Not more than three hours into the race, we had our first shutdown and weather transition with the new wind coming from the North West. This saw a small reshuffle of the pack but nothing to worry about. This new wind was to build for the rest of the day and shift back to the North East overnight, which it did exactly! Coming around Ile d’Re we were quickly sailing upwind in demanding conditions short tacking as close to the coast as possible, moving the 90kgs of stackable weight on every tack! Tiring work but working hard here separates the fleet!

Kenny RumballKenny Rumball was as a high as 11th a one point Photo: Vincent Olivaud

Eventually, the fleet settled onto starboard tack which would take the fleet past Ile d’Yeu, leaving it to port and all the way up to Belle Ile. From here it was a drag race of identical boats! Sail selection, setup and time spent driving would be the determining factors on speed and ultimately position! It was the first real test of speed for the fleet in 2022!

By early morning the time spent sailing the boat hard through the night was well spent with some place gains overnight and approaching Belle Ile in a good position! The wind had not really changed with around 20-24kts all the time! We were expecting it to have died to around 15 kts for the downwind kite sail back towards Les Sables! But more wind means more speed, our biggest spinnakers up and we were off heading downwind at speed to the Rochebonne plateau. 25kts of wind, big sea state saw consistent boat speeds in the high teens all the way south…. Lots more driving required meant no time for rest or food, this was turning out to be a tough race.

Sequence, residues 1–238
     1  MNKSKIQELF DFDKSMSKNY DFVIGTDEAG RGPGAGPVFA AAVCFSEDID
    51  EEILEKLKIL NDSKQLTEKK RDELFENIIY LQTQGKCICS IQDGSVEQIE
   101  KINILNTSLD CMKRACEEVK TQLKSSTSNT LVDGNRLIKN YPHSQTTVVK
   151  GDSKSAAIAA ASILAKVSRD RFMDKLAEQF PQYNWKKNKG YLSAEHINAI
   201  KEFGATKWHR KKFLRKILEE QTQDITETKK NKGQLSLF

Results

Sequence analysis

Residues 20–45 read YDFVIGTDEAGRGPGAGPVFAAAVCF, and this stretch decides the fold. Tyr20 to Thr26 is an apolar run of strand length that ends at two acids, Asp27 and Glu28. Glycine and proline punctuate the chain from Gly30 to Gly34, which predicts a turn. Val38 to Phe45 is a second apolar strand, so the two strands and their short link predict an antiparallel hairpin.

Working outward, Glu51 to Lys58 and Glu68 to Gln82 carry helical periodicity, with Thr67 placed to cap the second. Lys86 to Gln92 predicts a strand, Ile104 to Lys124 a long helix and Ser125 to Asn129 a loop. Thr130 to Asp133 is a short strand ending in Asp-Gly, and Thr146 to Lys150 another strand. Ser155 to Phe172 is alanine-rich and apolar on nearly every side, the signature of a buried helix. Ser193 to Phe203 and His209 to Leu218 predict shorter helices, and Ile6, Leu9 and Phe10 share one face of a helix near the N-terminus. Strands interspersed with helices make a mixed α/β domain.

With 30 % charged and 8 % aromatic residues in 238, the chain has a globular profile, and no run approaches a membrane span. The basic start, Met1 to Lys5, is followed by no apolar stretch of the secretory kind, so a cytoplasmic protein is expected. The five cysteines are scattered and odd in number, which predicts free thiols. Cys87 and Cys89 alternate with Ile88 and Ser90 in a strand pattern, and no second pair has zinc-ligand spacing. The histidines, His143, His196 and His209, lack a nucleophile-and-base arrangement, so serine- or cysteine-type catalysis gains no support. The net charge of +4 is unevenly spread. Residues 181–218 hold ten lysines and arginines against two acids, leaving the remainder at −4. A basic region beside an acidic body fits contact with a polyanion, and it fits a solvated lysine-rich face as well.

By the Rochbonne Plateau, we had a big sea state and winds into 30kts, taking the big spinnaker down solo was demanding especially when there is only one of them on board and we knew it was needed later on in the race! Damaging it was not an option…

If you thought there was time for rest, the intensity continued with gennakers unfurled blast reaching back in the direction of Les Sables at a consistent 15 knots or so. At this stage, I was sitting comfortably in 11th position knowing all that was a left was a 60nm loop from Les Salbes out to a weather buoy 30 miles to the South West and then back again. How hard could it be?

As is typical in the Figaro class… Very! Approaching the weather buoy, the wind died and died and we rounded it in 0kts. 30 Miles back to Les Sables, tired, hungry and being honest, a bit emotional!

Given that in the fleet we are not allowed to carry mobile phones or have any assistance from the outside world our weather information was now 48hours+ old so it was very hard to determine where to position oneself on the beat home.